Hawke’s Bay, New Zealand
Te Mata, Coleraine, Hawke’s Bay 1998
A legend because…
Although New Zealand is best known for its cool-climate wines – notably Sauvignon Blanc, Chardonnay and Pinot Noir – it has been recognised for some time that Hawke’s Bay is particularly well suited to weightier reds, such as Bordeaux-style blends and Syrah. The development of the Gimblett Gravels zone put these wines on the map, but the Buck family at Te Mata had started to focus on such styles years before that. From 1982, the first vintage, Coleraine has been Te Mata’s finest expression of the Bordeaux style and the most avidly collected of New Zealand red wines.
John Buck was still very much in charge of this important estate in 1998, although today his son Nicholas is deeply involved. John bought the property in 1974, as it was already planted with vineyards widely regarded as among the finest in Hawke’s Bay. Indeed these sites, known collectively as the Havelock Hills Vineyards, were first established in 1892, and by 1909 it was the country’s largest vineyard. In the late 1970s Buck, with experience gained in the British wine trade before returning to his native land, redeveloped the vineyards and winery.
After a wet winter, the growing season was very dry and one of the hottest on record. Flowering in early December delivered a potentially large crop, so bunches had to be thinned. The vineyards had be attentively managed to avoid dehydration and stress, but the fruit for Coleraine was exemplary, with Cabernet Sauvignon the most impressive of the three component varieties.
The soils in Hawke’s Bay are varied, but Coleraine is planted on north-facing, sandstone-based alluvial gravel. The first vines were planted in 1979, with the chosen varieties being Cabernet Franc, Cabernet Sauvignon and Merlot. The vineyard is harvested by hand, then the grapes are sorted at the winery, to eliminate any sub-standard fruit. Initially Coleraine was a single-vineyard wine, but since 1989 it has been a selection from the best plots in the Havelock Hills Vineyards.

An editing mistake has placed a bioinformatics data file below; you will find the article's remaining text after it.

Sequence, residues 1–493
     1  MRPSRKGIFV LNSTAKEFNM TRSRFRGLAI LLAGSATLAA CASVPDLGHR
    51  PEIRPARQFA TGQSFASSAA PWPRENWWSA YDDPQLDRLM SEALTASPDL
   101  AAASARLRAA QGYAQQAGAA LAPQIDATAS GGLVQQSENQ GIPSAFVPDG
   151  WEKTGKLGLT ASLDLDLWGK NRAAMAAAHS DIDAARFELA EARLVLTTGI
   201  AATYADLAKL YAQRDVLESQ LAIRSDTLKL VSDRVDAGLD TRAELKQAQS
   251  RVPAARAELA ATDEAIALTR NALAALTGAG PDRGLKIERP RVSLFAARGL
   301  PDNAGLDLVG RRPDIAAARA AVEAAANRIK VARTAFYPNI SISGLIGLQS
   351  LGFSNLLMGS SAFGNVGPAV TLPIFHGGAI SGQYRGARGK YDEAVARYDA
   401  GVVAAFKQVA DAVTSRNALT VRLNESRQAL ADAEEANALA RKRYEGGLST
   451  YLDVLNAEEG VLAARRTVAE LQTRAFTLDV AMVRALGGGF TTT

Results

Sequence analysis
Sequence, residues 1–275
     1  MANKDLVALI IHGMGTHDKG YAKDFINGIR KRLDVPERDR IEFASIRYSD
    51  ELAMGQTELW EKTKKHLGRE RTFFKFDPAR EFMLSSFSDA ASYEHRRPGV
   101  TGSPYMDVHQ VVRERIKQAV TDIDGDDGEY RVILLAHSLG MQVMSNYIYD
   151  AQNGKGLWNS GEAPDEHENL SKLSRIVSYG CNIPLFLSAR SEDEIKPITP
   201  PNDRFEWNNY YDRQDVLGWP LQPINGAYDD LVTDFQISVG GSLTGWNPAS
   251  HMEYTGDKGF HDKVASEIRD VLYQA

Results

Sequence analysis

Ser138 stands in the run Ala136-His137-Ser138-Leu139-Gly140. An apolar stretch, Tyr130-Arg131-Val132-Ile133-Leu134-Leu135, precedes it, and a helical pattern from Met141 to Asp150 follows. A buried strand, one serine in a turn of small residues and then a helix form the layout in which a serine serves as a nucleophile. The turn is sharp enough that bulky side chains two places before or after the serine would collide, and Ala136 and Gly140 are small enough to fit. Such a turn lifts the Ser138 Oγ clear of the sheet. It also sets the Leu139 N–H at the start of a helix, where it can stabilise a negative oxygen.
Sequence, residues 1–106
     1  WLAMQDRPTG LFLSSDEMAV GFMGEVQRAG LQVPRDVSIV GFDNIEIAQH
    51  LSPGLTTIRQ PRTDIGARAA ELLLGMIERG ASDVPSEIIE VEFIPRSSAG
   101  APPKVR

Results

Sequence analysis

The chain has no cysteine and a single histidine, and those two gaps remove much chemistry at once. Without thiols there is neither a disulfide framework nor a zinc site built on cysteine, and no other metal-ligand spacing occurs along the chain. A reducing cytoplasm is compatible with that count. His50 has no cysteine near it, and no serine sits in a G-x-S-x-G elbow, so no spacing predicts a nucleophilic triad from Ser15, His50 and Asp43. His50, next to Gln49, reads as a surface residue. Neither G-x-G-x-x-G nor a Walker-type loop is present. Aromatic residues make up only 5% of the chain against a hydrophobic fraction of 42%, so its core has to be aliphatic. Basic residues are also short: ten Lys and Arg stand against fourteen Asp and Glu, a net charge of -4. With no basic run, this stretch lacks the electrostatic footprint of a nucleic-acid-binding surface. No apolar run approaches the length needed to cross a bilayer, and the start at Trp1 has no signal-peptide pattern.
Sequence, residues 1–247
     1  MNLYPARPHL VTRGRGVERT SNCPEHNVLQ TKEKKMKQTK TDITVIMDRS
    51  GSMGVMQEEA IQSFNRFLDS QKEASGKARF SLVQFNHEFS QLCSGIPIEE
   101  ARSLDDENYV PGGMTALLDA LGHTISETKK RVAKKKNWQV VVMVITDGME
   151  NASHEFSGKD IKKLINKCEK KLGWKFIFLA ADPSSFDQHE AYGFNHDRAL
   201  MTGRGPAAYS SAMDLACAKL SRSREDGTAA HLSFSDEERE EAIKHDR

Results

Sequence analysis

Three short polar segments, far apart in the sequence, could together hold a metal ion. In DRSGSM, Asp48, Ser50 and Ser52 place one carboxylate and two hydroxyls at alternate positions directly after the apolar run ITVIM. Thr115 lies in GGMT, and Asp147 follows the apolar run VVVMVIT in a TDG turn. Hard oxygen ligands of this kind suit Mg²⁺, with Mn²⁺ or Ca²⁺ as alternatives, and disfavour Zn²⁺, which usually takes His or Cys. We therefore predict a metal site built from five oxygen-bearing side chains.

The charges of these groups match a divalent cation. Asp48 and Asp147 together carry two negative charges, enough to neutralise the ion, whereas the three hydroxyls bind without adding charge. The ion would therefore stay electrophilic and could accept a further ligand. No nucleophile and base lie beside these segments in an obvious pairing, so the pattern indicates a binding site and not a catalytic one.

For 35 years Peter Cowley has been Te Mata’s technical director, and thus responsible for overseeing how Coleraine was made. The grapes are destemmed and crushed, before being fermented for up to 21 days in open-top vats at temperatures up to 32°C, with regular punchdowns. After an extended maceration, the wine goes into French barriques, of which 70% are new, for 18-24 months; the 1998 was aged for 20 months. Racking is performed from barrel to barrel. Before bottling, the wine is traditionally fined with egg whites.
In 2009 Huon Hooke remarked: ‘Coleraine is arguably New Zealand’s greatest red wine’. Shortly after release Pierre Rovani reviewed the 1998 for The Wine Advocate: ‘Explosive black-fruit aromas…velvety textured, this impressive wine coats the palate with blackberries, blackcurrants and freshly laid asphalt.’ After a vertical tasting in London in 2007, Steven Spurrier wrote: ‘Of the older wines, 1998 was outstanding, fragrant, floral, with a fine future.’
In 2012 James Suckling pronounced: ‘This is the legendary Cabernet Sauvignon and Merlot blend of NZ. A lovely combination of fruit, tobacco, liquorice and dried flower. New Zealand’s Sassicaia.’
In 2016, Cameron Douglas MS noted: ‘A seductive, almost heady perfume: soft violet scents nestled against the residue of the Cabernet with a quiet tobacco and earthy layer. The tannins were fully integrated and the acidity ensured the wine retained some texture and length.’
Bottles produced 25,000 Composition 60% Cabernet Sauvignon, 32% Merlot, 8% Cabernet Franc Yield 50hl/ha Alcohol 13.5% Release price NZ$75 Price today NZ$250 (£ 138)